Portals mockup

Mockup demonstrations of Portals

by Brian Will (blog)

Only tested in Firefox 2.0. Will not work in IE.

These mockups demonstrate features of what I'm calling Portals, a collection of ideas for a tile-based window manager and for a rethinking of some desktop fundamentals, such as standard application menus and dialogue windows.

The big ideas:

Unified menubar/titlebar

Demo #1: Menubar

Click the titlebar below to bring up the menu. Hold and drag to slide the menu. Click without dragging to dismiss the menu.

Not shown:


Portal layouts and the layout bar

Demo #2: Portal layout menu

Click the triangle in the top right corner to show the portal layout menu. Select a layout, or click the menu's background to dismiss the menu.

Not shown:


Application alerts and system-wide alerts

Demo #3: Pop-up alerts

Click the buttons to show an application or system alert. Click OK in the pop-ups to dismiss the alerts.

Not shown:


Program switching

Demo #4: Program Switching

Click the portal's titlebar to bring down the menu. The list of open programs is in the leftmost section.

Program Manager

The Program Manager is an application that is open all the time and always listed at the top of the open-programs list. The user is presented with a list of applications; clicking on a program in the list opens it in the same portal (the context menu lets you open it in the background).

I don't know the precise details of how the applications are presented---a number of layouts come to mind---but I don't think it need be much fancier beyond a simple list. As long as apps are presented in a pretty much flat manner (no subcategories within subcategories), it should work just fine.


  • It seems to me that there's an unwarranted amount of focus in desktop UI upon making applications quick to launch. I, for one, just don't open applications often enough to care whether it takes me 1 second or 5 seconds. What I do care about, is the amount of mental effort involved. So, beyond avoiding the mistakes of the (pre-Vista) Windows Start menu, it's really hard to get program launching too wrong.

    (The mistakes of Windows' Start menu include: 1) allowing programs to aggravatingly be grouped by the name of their makers, as if that helps users; 2) giving groups all the same icon, making each one look the same; 3) allowing groups within groups; 4) the whole point of grouping gets defeated by every single program having its own group; 5) using a drill-down submenu system, which makes layout hard to recall; 6) allowing non-program items in the menu (if a program really wants to make certain documents and related programs more accessible to the user, such things should be presented in a splash menu or some other interface element of the program, not in the start menu).)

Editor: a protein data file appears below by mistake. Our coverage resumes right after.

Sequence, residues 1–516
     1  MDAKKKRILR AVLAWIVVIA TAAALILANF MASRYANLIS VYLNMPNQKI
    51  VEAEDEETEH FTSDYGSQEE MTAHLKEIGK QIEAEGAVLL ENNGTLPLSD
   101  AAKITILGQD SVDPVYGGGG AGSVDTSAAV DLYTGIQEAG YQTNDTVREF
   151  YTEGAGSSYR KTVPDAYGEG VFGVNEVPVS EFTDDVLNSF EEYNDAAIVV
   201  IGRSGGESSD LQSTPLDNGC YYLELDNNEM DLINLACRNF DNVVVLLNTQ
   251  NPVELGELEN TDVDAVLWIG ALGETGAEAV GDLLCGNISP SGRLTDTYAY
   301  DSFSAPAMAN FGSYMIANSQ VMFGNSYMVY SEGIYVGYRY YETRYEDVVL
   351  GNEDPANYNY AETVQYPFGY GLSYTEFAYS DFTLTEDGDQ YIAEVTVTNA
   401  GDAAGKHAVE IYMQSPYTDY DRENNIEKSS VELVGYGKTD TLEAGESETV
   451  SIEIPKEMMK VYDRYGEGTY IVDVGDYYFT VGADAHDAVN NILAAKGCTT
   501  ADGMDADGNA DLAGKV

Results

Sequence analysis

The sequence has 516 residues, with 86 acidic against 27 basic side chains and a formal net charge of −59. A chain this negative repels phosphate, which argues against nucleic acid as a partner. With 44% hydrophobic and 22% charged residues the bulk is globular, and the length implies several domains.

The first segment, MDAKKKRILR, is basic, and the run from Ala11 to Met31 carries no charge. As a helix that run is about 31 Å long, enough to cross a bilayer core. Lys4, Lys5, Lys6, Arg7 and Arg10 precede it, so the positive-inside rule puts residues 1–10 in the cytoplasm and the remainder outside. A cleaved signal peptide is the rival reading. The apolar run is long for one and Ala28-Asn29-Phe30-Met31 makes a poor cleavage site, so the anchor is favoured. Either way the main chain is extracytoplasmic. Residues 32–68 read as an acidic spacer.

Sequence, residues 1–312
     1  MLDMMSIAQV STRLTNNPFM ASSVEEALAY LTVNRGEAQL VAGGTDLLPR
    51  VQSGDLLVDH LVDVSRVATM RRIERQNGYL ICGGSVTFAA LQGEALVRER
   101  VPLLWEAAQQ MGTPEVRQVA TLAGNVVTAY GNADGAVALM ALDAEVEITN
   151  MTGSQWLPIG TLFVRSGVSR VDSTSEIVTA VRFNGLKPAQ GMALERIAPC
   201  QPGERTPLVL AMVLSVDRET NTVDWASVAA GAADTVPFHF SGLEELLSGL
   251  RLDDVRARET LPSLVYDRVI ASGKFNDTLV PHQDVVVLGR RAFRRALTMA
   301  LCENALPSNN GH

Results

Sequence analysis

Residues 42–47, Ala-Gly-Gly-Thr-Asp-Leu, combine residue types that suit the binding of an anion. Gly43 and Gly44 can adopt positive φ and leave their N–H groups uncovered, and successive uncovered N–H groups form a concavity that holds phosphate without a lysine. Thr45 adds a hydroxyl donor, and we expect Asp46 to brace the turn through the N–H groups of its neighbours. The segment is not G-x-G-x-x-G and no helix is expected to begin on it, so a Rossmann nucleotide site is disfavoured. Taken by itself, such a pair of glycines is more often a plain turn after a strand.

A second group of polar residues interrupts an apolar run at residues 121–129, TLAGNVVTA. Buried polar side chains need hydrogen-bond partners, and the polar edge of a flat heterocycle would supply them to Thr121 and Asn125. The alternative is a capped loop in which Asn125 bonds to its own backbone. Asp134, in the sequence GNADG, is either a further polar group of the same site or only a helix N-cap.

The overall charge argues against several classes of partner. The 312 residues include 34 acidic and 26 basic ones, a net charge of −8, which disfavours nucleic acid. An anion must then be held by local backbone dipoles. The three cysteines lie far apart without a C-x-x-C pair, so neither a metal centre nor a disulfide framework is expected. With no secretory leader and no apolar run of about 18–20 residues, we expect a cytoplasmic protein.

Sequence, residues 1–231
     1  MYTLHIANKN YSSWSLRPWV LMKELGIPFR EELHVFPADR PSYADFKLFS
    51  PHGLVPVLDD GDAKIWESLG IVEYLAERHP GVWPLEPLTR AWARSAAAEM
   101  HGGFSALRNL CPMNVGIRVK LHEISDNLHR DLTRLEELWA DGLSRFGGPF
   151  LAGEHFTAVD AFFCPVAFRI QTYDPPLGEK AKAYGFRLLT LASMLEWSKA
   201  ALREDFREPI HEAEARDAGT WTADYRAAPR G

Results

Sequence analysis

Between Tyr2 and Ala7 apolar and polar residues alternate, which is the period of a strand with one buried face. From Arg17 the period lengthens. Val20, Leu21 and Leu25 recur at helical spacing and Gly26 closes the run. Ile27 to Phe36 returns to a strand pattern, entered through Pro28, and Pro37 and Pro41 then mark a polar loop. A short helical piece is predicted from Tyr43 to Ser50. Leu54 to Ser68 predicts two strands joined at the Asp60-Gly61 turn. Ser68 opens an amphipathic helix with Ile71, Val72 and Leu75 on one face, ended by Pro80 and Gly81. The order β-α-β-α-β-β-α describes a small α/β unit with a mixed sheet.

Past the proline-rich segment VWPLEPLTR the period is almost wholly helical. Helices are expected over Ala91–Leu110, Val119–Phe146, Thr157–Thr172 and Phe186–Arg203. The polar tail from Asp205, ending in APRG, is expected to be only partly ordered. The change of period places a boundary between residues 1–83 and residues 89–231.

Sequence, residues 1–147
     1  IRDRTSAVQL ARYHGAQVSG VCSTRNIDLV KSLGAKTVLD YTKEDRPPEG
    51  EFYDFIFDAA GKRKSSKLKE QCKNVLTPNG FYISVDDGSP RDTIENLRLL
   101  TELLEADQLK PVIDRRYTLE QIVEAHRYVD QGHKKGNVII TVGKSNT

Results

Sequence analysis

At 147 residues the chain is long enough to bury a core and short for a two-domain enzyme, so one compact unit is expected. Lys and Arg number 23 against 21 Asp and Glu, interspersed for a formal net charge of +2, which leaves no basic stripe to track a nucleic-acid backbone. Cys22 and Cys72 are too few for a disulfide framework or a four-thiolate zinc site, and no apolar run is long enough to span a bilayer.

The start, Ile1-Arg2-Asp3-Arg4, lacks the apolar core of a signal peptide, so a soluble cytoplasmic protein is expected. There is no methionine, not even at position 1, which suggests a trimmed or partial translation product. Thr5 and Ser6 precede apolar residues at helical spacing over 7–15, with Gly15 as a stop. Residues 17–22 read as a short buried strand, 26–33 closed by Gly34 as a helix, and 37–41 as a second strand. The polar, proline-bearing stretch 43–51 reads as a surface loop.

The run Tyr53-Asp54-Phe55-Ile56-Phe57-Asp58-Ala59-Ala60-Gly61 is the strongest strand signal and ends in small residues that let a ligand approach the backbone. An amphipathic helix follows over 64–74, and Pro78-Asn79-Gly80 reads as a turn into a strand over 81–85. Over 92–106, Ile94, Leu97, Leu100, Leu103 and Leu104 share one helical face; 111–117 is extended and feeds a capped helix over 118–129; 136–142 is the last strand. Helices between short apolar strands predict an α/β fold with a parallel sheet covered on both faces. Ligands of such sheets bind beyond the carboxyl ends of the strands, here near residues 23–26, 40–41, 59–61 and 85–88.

If users really insist on some analog of Window's recently-opened programs list or quicklaunch bar, such things can be added easily enough to the Program Manager or to an applet (applets are discussed later).
  • Menu sections

    [I had a lot to say about just what is wrong with our current application menus, but I lost that stuff and don't feel like recreating it, so here's the short version:]

    The conventional menus of today's applications are too limited, resulting in most interface complexity getting shunted into pop-up dialogue windows, which hinders navigability and burdens users with extra free-floating windows.

    To overcome this, each menu section should be more like a web page, with all of the program's complex dialogues presented directly in the menu itself. (Each section can be basically as tall and wide as necessary: if the vertical space alloted to the menu section is exceeded, the section becomes vertically scrollable; however, menu sections should generally remain narrow, so perhaps width should be capped. To keep a crowded menu section sane, dialogues can be presented as collapsed menu items.) Submenus (menus that pop out to the side) are replaced by collapsed menus that expand.


  • Putting complex-interaction elements nested within other complex-interaction elements is not without its problems. For example, scrollbars within scrollbars are problematic:

    1. When scrolling the inner bar, it's possible to be prevented from scrolling the whole length by the inner bar being partly out of view. This can be fixed by having the outer scrollbar track along with the inner scrollbar.
    2. While hovered over the inner scroll area, using the mousewheel scrolls that area, but this can be surprising. This surprise can be minimized by giving some visual indication of the region which currently has mousewheel scroll focus as the mouse pointer is moved.
    3. When scrolling the inner area with the mousewheel, the inner area scrolls until the upper or lower bound is hit, at which point the outer scroll area scrolls; this is not the desired behavior: the outer area should not scroll at all when inside the inner region.
  • Convenience buttons

    Application subwindows/subportals

    Eclipse as currently seen running in Windows: